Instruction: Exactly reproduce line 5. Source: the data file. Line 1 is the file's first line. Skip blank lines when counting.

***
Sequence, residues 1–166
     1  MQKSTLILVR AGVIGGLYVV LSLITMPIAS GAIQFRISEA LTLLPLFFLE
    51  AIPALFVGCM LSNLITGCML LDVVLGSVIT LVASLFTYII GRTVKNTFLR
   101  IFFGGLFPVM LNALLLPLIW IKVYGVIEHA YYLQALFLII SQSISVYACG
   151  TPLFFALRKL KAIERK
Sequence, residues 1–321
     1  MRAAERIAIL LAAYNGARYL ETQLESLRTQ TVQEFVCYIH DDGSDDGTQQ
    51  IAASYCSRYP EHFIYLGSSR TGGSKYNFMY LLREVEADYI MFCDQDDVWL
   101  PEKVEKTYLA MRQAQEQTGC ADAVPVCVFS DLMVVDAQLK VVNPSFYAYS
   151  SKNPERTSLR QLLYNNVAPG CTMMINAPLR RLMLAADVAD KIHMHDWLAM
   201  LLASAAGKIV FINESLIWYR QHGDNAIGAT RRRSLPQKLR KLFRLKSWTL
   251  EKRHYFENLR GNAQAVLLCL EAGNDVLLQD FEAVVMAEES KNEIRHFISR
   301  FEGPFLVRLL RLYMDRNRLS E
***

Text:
   151  TPLFFALRKL KAIERK